Drawing, DoN Brewer

Drawing, DoN Brewercolored pencil on Canson Mi-Teintes Pastel Assorted Pad 12 in. x 16 in.

Whenever I draw with pencil or charcoal I feel the influence of my art teachers and favorite artists, the stories all melding together to guide my hand. One of my favorite stories about drawing is actually from a painting class at PCA, the Philadelphia College of  Art, when it was in the Atlantic Building on Broad Street way back in the 1970s. I was taking evening painting classes with Francis Tucker. Riding the High Speed Line from Collingswood with my paint box and canvasses into Philadelphia was so exciting and urbane, Tucker’s class was very laid back, he understood his students were working folks. We did still life and figure study paintings, drank cheap wine and smoked cigarettes on the breaks.

One evening the project was to paint a live nude model. On gessoed canvas paper I drew out my composition carefully, literally detailing the drawing in charcoal right down to the pupils, in my mind, preparing to paint. When I thought I was ready to start Tucker came over and took an eraser to the sheet and smeared out the entire image stating, ‘This is a painting class.’ And then he punched me in the arm pretty hard. From then on he taught me to sketch with paint using classical techniques with umber and green oils.  Just this past weekend I was plein air oil painting with the Philadelphia Art Meetup group at Bartram’s Garden and my friend Joe Faith looked at my sketch in oils and said it looked like I was already finished the painting. I thought of Tucker punching me in the arm.

Drawing, DoN Brewer

DrawingDoN Brewercolored pencil on Canson Mi-Teintes Pastel Assorted Pad 12 in. x 16 in.

In the 1970s I also took a drafting class at PCA which opened my mind to understanding depth perception. Like Neo discovering the Matrix, suddenly the world around me was covered in geometric code. My view of the world changed as grids, diagonals and intersections of line revealed themselves. I studied drawing with PAFA trained artists like Paul Dusold, James Dupree, and Al Gury at Fleisher Art Memorial and learned how to leave out lines, use an eraser to make marks and how to bump planes of tone into each other. At University of the Arts, my multimedia professor Chris Garvin began the high tech digital arts course by having the class work with charcoal on newsprint. If you can’t communicate well with basic tools like pencil and paper how can you communicate with sophisticated ones like computers?

Drawing, DoN Brewer

DrawingDoN Brewercolored pencil on Strathmore 412111 80-Pound 24-Sheet Strathmore Toned Sketch Paper Pad, 11 by 14-Inch, Gray

The descriptive drawing class with Chris Zelinsky at UArts, I was pursuing my BFA in Multimedia and Communications, was probably my most transformative drawing instruction. For the first month we drew simple shapes like squares, circles, and cubes, after we had finger painted abstracts on newsprint with tempera paint to opera for an hour. Chris Zelinsky understood that if we got our brains into an alpha state through abstract thought, we would be able to tap into the technical aspects of drawing descriptively more freely. One day a student challenged her to do what she was asking us to do, draw perfect circles. She sat in his seat, used his tools and drew a perfect circle.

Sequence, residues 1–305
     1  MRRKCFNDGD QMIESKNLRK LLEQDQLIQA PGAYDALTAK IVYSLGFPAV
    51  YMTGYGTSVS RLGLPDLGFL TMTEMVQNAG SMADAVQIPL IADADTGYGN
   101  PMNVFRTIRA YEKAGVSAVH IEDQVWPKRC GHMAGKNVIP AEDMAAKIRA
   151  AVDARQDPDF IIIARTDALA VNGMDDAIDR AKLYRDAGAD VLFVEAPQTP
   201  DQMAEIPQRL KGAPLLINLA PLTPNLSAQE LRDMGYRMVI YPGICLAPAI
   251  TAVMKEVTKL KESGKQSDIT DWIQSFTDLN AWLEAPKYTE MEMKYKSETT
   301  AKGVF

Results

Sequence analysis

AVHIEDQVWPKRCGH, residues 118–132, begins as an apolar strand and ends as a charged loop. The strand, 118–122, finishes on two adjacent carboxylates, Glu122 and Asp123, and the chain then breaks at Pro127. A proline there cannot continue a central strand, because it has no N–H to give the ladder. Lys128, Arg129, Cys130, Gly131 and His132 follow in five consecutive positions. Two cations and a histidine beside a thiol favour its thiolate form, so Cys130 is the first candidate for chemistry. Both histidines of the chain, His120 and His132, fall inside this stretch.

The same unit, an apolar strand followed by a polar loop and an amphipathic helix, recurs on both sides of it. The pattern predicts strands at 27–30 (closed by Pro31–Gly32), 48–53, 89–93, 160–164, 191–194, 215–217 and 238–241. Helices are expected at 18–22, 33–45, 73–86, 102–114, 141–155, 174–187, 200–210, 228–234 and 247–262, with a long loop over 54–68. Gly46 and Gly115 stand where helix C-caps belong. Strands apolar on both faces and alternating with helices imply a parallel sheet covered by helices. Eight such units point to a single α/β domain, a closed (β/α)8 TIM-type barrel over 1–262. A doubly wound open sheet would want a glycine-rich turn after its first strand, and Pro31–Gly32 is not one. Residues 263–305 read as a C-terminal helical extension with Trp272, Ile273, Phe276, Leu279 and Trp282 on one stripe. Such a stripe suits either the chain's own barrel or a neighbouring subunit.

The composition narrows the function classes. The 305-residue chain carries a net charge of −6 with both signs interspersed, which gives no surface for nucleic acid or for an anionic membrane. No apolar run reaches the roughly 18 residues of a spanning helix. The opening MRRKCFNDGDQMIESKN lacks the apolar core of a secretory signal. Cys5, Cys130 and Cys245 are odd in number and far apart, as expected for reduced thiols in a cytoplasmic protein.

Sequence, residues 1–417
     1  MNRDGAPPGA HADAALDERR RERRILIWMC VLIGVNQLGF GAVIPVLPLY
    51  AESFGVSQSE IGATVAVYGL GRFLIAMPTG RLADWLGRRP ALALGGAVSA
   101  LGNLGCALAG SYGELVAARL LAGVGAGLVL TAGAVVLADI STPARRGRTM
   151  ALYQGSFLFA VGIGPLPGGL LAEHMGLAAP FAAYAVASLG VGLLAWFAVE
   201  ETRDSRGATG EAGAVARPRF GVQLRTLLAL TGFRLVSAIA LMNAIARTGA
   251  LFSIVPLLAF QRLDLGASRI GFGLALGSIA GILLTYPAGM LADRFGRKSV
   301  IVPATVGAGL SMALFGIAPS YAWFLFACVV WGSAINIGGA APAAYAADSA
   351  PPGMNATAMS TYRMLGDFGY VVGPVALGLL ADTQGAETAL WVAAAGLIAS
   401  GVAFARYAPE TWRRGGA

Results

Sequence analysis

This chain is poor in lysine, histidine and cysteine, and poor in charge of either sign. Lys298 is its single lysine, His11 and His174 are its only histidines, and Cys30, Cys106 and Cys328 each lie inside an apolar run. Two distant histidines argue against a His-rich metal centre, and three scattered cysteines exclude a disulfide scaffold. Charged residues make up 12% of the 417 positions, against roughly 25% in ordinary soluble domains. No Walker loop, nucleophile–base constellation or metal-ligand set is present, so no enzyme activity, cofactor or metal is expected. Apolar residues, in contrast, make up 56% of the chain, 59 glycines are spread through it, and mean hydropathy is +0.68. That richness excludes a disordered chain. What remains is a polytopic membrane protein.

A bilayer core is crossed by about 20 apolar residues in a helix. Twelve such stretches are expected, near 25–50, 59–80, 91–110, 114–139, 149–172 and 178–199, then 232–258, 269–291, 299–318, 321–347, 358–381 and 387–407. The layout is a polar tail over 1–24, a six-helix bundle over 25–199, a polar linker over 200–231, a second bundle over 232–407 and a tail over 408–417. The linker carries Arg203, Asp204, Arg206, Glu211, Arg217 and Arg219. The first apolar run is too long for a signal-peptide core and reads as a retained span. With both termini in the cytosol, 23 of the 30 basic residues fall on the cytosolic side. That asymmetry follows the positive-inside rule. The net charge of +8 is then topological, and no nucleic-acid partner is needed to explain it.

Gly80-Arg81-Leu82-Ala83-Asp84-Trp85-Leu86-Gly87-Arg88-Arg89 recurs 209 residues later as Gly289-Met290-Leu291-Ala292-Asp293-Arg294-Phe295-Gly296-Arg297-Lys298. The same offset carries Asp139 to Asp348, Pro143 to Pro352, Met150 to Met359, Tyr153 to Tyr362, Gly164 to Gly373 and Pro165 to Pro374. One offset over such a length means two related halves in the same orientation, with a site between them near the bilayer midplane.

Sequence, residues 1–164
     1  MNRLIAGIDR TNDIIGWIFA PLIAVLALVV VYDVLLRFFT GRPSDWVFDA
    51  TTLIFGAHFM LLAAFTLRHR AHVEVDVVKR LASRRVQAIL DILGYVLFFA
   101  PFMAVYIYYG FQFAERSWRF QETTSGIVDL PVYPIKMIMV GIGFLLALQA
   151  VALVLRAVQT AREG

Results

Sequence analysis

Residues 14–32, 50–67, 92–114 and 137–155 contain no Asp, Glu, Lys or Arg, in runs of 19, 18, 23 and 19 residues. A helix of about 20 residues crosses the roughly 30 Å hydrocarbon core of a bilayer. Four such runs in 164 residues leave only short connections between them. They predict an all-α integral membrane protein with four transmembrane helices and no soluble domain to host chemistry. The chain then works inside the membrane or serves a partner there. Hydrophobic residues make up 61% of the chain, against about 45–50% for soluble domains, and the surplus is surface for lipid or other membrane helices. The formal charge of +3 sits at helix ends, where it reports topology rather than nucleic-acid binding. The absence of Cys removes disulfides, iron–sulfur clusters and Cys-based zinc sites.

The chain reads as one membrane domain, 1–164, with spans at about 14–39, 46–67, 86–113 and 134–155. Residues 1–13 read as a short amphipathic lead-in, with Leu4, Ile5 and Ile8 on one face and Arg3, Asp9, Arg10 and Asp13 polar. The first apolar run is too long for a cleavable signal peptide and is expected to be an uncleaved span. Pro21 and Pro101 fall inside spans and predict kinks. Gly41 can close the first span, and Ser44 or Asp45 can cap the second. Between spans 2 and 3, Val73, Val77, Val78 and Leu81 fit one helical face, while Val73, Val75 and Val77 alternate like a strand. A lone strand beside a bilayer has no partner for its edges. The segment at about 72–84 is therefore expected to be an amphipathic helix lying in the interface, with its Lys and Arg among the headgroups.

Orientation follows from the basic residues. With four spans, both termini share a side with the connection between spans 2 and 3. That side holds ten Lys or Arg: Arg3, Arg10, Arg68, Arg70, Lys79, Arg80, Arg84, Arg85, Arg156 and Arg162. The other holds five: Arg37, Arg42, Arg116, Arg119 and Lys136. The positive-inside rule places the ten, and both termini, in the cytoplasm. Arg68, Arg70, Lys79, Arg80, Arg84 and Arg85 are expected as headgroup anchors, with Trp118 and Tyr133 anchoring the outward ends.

Drawing, DoN Brewer

DrawingDoN Brewercolored pencil on Canson Mi-Teintes Pastel Assorted Pad 12 in. x 16 in.

I have been away from drawing for a while but this past Summer I began going to the Thursday evening art workshops at The Plastic Club. The first twenty minutes of the three hour session are five minute poses followed by twenty minute poses with ten minute breaks. Each of these drawings are two twenty minute poses, but I find that if I really tough it out and stay until the end, because it can get very tiring, my last drawing is usually the most expressive.

Returning to drawing after a five year dry spell is satisfying and fulfilling. Even if no one ever sees the sketches, the feeling of accomplishment and self control inspires me to keep drawing. Another reason to draw again is learning of the ALS diagnosis of my friend Jay Smith. One day last Spring Jay was awarded the Popular Science Inventor of the Year Award in the morning and learned his fate in the afternoon. Soon Jay began to lose motor control of his hands and his speech is becoming slurred. As artists our role is to communicate, I often joke that if the power grid goes down artists will become the tribe leaders because they can communicate ideas with simple tools. Drawing is a way to test my power grid, making sure I still have motor control and can see to communicate effectively. Jay inspires me to take advantage of my skills.

Drawing, DoN Brewer

DrawingDoN Brewer

Drawing, DoN Brewer

My friend Bob Bohne inspired me to get my tools together in an easy to carry, ready to go, messenger bag. My super-kawaii pencil box holds all my basic tools: solid graphite pencils, HB lead pencils, Prismacolor, Eagle, Caran D’Ache colored pencils in a limited palette of sanguine, rouge anglais, granite rose, gray, black and white. The gum eraser is used to remove mistakes and add highlights, I’ve had the blob of gum for decades and enjoy coaxing it back to life, warming and squeezing the eraser in in my hands. The black box is filled with a variety of red, brown and white pencils and the blue box holds assorted colored pencils and tools. In my studio I have hundreds more pencils I’ve collected over time, enough pencils to make drawings for the rest of my life.

© Written and photographed by DoN Brewer

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